Focusing again on an individual rotational state, we saw how the motion of the internuclear axis causes the axial projection of S + L to precess about J. Such precession by itself would not affect the molecule's energy. However, the nuclear rotation also distorts slightly the electron's orbital motion. Figure 5.19 depicts two orthogonal probability distributions for the electron in the plane perpendicular to the internuclear axis. Because of the molecule's symmetry about the axis, the two cases (a) and (b) might be expected to have identical energy. However, the molecule as a whole rotates about the perpendicular axis indicated in the figure. This rotation induces a centrifugal force, so that the distribution in (a) has higher energy than in (b), where the electron is, on average, farther from the rotation axis.
This splitting of the previously degenerate ±A levels constitutes A-doubling. Note that the actual wavefunctions for the two eigenstates (known as the + and - states) are linear combinations of those corresponding to orthogonal directions of electronic rotation. Since the nuclear rotation of the molecule is very slow compared to the electron's orbital speed, the resulting perturbations to the energy are slight. Figure 5.18 shows schematically that the energy split increases going up the rotational ladder to states of higher J, i. e., to faster molecular rotation. For the 2n3/2 (J = 3/2) state, the temperature equivalent of the energy difference is 8.0 x 10~2 K. A photon emitted during the transition between sublevels has a frequency of about 1700 MHz and a wavelength of 18 cm.
Figure 5.19 Physical origin of A-doubling in OH. The molecule's energy depends on whether the symmetry axis of the unpaired electron's orbital motion (a) coincides with the internuclear axis, or (b) lies orthogonal to that axis.
Each of the sublevels of the 2 n states is further split by an interaction between the spins of the unpaired electron and the hydrogen nucleus. With reference to Figure 5.17, the result is that even J is not strictly constant, but precesses with I, the proton angular momentum, about their sum, the grand total angular momentum F. The new interaction arises because the magnetic field from the spinning electron at the position of the proton depends on the relative orientation of the two spin axes. Thus, in Figure 5.19, the electronic angular momentum S appears parallel to I in both panels. However, the magnetic field from the electron is actually parallel to I in (a) and antiparallel in (b). Reversing the direction of I would result in two other distinct states.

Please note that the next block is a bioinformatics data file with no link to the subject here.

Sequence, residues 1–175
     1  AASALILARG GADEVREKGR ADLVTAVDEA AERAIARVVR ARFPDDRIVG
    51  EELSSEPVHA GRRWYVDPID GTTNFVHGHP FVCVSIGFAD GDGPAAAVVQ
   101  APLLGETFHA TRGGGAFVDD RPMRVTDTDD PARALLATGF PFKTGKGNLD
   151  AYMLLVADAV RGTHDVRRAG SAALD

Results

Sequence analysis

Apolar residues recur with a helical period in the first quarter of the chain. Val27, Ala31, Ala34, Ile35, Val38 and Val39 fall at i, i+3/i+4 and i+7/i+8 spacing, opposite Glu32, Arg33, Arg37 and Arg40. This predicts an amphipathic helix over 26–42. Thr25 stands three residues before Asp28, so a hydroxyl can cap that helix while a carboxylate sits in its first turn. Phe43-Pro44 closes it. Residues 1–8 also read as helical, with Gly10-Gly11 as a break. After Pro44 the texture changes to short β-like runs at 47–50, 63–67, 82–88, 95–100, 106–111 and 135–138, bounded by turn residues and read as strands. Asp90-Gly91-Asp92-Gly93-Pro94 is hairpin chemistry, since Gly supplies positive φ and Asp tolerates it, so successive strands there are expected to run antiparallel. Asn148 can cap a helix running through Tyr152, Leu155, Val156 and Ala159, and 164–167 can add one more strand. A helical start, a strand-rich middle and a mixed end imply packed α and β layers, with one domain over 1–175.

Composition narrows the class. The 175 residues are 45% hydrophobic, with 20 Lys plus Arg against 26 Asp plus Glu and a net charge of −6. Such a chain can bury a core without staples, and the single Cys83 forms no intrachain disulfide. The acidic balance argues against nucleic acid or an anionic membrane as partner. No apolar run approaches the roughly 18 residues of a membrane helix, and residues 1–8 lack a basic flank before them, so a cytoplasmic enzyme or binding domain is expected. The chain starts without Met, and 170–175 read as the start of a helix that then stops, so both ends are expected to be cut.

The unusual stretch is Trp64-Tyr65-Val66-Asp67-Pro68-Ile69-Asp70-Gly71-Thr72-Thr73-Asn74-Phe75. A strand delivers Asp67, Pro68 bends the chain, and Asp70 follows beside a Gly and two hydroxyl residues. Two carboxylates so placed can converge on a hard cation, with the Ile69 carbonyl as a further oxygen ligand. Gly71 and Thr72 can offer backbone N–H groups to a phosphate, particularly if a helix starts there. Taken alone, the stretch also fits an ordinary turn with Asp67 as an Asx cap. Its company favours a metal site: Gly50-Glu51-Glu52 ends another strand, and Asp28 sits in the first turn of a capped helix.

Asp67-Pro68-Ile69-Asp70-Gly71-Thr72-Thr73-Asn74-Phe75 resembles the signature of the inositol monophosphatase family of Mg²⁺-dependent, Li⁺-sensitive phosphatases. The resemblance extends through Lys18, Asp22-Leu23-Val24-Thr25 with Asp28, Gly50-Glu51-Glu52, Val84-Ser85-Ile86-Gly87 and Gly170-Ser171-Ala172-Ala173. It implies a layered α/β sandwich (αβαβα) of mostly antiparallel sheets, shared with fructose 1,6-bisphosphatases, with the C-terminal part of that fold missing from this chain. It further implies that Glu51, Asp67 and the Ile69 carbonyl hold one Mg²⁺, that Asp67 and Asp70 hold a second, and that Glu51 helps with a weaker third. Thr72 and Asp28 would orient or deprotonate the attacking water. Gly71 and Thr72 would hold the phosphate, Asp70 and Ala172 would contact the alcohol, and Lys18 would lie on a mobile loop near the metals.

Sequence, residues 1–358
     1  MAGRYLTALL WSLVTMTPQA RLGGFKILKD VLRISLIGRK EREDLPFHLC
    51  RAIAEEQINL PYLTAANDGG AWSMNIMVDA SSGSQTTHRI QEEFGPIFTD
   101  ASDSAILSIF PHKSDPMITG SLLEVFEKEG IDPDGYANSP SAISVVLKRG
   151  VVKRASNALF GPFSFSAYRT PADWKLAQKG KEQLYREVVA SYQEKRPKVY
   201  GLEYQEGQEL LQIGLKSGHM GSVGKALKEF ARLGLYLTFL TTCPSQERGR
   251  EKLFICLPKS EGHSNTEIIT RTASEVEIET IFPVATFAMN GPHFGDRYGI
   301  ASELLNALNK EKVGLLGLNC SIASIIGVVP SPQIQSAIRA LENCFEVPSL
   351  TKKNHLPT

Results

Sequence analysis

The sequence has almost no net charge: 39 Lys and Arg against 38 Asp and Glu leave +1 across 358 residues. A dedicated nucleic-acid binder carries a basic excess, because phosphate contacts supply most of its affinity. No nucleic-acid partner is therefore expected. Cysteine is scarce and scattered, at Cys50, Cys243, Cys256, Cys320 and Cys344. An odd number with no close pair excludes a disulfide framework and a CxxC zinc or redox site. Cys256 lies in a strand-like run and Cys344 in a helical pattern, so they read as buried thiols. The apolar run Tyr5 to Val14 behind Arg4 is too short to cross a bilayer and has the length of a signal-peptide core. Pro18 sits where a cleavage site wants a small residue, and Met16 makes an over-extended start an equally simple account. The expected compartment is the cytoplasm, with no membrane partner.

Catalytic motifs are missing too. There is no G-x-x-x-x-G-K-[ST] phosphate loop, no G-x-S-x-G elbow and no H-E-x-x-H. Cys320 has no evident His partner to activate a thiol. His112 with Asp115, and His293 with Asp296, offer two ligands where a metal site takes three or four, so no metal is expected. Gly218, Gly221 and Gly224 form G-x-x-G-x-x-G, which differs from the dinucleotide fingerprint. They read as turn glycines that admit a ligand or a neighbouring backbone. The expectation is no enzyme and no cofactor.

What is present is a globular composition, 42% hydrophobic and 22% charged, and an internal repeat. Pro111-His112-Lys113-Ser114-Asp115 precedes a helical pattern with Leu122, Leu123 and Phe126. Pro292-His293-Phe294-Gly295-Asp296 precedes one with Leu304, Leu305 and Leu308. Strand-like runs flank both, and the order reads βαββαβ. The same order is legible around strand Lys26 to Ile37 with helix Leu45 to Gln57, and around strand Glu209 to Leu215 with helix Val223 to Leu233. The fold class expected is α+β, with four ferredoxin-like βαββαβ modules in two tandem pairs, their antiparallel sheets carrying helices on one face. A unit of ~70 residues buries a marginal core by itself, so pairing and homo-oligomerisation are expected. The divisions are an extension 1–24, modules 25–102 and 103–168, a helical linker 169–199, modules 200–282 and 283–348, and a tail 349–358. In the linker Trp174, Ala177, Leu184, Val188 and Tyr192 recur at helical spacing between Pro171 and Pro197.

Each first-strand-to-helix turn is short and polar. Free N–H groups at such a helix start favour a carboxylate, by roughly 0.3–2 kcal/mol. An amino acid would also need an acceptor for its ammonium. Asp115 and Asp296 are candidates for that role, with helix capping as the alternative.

The net effect of this magnetic hyperfine splitting is quantitatively small; each sublevel of the ground 2n3/2 state is split in frequency by only about 60 MHz. The F-values of the final states are given in Figure 5.18. Transitions that connect states of the same F are said to produce main lines, while the others emit satellite lines. The reader may recall from Chapter 2 that the same magnetic interaction is responsible for the famous 21 cm line of atomic hydrogen. The split in energy, corresponding in that case to a frequency of 1420 MHz, is larger than in OH because the average separation of the electron and proton is less.
The short vertical line segments in Figure 5.18 indicate the allowed radiative transitions within the 2n3/2 (J = 3/2) ground state of OH. Historically, the 1963 detection of the four lines at 1612, 1665, 1667, and 1720 MHz constituted the first radio identification of an interstellar
molecule. In this case, the lines appeared in absorption against the radio source Sgr A*. Their relative intensities were close to the theoretically predicted values in an optically-thin medium, with the strongest lines being the main ones at 1665 and 1667 MHz. Soon after, observers found three of the four lines in emission, but the one at 1665 MHz was far brighter than the others. This line, initially dubbed "mysterium," was also much narrower than expected and strongly variable. What was seen, in fact, was the first instance of an interstellar maser.
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